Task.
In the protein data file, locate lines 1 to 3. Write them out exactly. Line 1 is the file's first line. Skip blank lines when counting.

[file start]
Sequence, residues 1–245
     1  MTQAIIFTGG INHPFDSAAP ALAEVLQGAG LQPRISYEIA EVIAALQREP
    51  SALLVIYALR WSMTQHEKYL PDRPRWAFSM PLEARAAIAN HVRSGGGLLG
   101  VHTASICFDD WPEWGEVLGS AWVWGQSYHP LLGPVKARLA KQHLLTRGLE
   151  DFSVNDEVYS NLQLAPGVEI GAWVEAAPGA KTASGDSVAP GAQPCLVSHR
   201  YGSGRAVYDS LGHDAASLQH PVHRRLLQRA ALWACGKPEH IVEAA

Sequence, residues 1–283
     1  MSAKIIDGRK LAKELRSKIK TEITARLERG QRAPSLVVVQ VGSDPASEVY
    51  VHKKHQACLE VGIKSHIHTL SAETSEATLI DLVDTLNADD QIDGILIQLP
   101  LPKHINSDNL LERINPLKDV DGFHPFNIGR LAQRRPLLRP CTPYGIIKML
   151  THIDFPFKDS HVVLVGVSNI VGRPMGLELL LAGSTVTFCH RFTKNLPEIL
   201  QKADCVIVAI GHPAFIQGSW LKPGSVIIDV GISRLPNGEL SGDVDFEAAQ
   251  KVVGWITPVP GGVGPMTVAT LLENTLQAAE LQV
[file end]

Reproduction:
Sequence, residues 1–245
     1  MTQAIIFTGG INHPFDSAAP ALAEVLQGAG LQPRISYEIA EVIAALQREP
    51  SALLVIYALR WSMTQHEKYL PDRPRWAFSM PLEARAAIAN HVRSGGGLLG